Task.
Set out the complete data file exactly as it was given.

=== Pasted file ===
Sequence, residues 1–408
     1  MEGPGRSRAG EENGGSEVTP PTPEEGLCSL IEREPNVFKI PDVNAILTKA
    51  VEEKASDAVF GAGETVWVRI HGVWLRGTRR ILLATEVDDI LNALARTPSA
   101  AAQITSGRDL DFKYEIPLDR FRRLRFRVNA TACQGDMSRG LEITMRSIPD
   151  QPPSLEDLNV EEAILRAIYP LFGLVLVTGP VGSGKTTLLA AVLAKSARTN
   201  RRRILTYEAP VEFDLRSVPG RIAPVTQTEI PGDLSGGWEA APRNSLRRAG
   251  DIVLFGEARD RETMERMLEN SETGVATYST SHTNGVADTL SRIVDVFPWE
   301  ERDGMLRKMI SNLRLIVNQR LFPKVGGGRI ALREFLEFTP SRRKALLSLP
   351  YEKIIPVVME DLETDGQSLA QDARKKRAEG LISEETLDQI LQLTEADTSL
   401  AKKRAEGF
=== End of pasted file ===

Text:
Sequence, residues 1–408
     1  MEGPGRSRAG EENGGSEVTP PTPEEGLCSL IEREPNVFKI PDVNAILTKA
    51  VEEKASDAVF GAGETVWVRI HGVWLRGTRR ILLATEVDDI LNALARTPSA
   101  AAQITSGRDL DFKYEIPLDR FRRLRFRVNA TACQGDMSRG LEITMRSIPD
   151  QPPSLEDLNV EEAILRAIYP LFGLVLVTGP VGSGKTTLLA AVLAKSARTN
   201  RRRILTYEAP VEFDLRSVPG RIAPVTQTEI PGDLSGGWEA APRNSLRRAG
   251  DIVLFGEARD RETMERMLEN SETGVATYST SHTNGVADTL SRIVDVFPWE
   301  ERDGMLRKMI SNLRLIVNQR LFPKVGGGRI ALREFLEFTP SRRKALLSLP
   351  YEKIIPVVME DLETDGQSLA QDARKKRAEG LISEETLDQI LQLTEADTSL
   401  AKKRAEGF